BUSINESS
December 8, 2014 | By Joseph N. DiStefano, Inquirer Staff Writer
"This is one of the most-connected facilities in the NFL," if use of smartphones and iPads at Eagles games is any sign, says Charles W. Berger , pointing to wireless switches embedded under the stands at Lincoln Financial Field. Berger, a Willow Grove native, is chief executive officer of Extreme Networks , a San Jose, Calif., company with yearly sales of $600 million. It built the free WiFi system at the stadium last season, with project manager PCM Inc. "They put in 30 miles of cable in 90 days, building a bridge to our fans," said Anne Gordon , the Eagles vice president who oversees digital media.
BUSINESS
September 13, 2014 | By Bob Fernandez, Inquirer Staff Writer
Comcast Corp.'s WiFi ambitions are going global. The Philadelphia cable company and Europe's Liberty Global say they have formed a partnership to offer Internet subscribers more than 10 million WiFi hotspots on both sides of the Atlantic Ocean. Xfinity Internet customers who travel to Europe can use Liberty's Global's WiFi for free, while Liberty Global subscribers who travel to the United States can use Comcast WiFi for free, the two companies said on Thursday. The Liberty Global partnership is the latest expansion of Comcast's fast-growing WiFi network that Wall Street analysts view as a potential asset and possible threat to Verizon Communications Inc., AT&T Inc. and other traditional wireless carriers.
NEWS
June 13, 2014
M ICHAEL D'ALFONSO, 48, of Drexel Hill, is founder and CEO of Social WiFi, in Bala Cynwyd, which provides mobile commerce and Wi-Fi hotspot technology for local merchants. With four full-time employees, the firm just launched E-Pay WiFi, a mobile marketing platform with which consumers get free Wi-Fi in exchange for opting in to get digital coupons and daily deals from merchants. Q: How'd you get the idea? A: We began working on a cost-effective marketing platform that enables small business owners and merchants to mass engage local consumers on their smartphones and mobile devices using Wi-Fi.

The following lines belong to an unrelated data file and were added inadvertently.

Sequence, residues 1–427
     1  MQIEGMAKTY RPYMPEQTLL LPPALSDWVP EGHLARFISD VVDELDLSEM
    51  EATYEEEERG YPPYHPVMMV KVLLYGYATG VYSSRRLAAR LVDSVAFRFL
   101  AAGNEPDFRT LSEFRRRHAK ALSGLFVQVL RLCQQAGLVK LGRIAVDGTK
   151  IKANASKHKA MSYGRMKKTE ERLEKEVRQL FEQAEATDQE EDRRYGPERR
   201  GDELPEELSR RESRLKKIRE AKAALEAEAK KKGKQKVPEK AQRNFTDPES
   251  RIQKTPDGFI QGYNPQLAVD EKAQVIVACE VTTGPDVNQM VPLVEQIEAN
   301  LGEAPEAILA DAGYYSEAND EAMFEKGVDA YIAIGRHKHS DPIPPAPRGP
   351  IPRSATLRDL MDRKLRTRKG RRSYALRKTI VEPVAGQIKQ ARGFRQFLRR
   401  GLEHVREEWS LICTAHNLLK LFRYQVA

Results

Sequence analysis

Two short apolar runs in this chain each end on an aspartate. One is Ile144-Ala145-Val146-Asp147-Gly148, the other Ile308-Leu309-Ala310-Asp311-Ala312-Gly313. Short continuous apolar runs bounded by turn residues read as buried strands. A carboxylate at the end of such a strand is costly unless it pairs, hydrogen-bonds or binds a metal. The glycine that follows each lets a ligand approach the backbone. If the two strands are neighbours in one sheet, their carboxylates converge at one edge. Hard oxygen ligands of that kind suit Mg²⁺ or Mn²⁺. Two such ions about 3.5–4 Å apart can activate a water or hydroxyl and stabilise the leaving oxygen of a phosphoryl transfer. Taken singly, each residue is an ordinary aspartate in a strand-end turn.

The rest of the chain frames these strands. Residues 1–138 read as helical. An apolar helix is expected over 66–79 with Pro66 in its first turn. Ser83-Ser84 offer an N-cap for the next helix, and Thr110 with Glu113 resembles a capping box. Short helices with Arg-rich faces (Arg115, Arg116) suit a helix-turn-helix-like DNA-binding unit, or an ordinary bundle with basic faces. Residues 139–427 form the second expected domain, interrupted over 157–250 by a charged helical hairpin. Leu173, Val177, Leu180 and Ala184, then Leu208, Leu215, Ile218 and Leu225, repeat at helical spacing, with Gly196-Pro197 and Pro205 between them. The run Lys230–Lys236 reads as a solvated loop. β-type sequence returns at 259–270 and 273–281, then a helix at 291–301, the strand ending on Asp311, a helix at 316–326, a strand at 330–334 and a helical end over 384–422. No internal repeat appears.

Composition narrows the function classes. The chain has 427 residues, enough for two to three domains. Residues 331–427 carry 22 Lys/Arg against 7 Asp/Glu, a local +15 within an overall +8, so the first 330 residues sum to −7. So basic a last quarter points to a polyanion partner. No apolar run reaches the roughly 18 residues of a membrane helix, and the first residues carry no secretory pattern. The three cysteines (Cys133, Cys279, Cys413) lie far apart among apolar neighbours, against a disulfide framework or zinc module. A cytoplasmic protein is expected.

NEWS
May 9, 2014 | By Jonathan Takiff, Daily News Columnist
WHATCHA getting Mom for her special day? Gizmo Guy has some last-minute suggestions with a techy twist. Bring home the bacon: If Mom's into collecting piggy miniatures or coin banks (and change), she'll get a tickle from Porkfolio. Invented by James Hunter of Lansdale and marketed by Quirky, it's the first piggy bank that smartly tracks your savings. Porkfolio's nose lights up when a U.S. coin is inserted. And the updated balance in its' belly then shows up on your smartphone or tablet, via a special app (iOS and Android, Wi-Fi home network required.)
BUSINESS
May 2, 2014 | By Bob Fernandez, Inquirer Staff Writer
Accelerating plans for a national wireless network, Comcast Corp. expects to light up eight million WiFi hotspots in the United States by the end of 2014, the company said Wednesday. That would be eight times the one million hotspots the cable giant had deployed in early April in 39 states and Washington. Comcast's "Xfinity WiFi Initiative" utilizes free wireless spectrum and wireless radios or gateways in outdoor areas such as parks and train platforms, as well as restaurants, stores, doctors' offices, and homes.
1 | 2 | 3 | 4 | 5 | Next »
|
|
|
|
|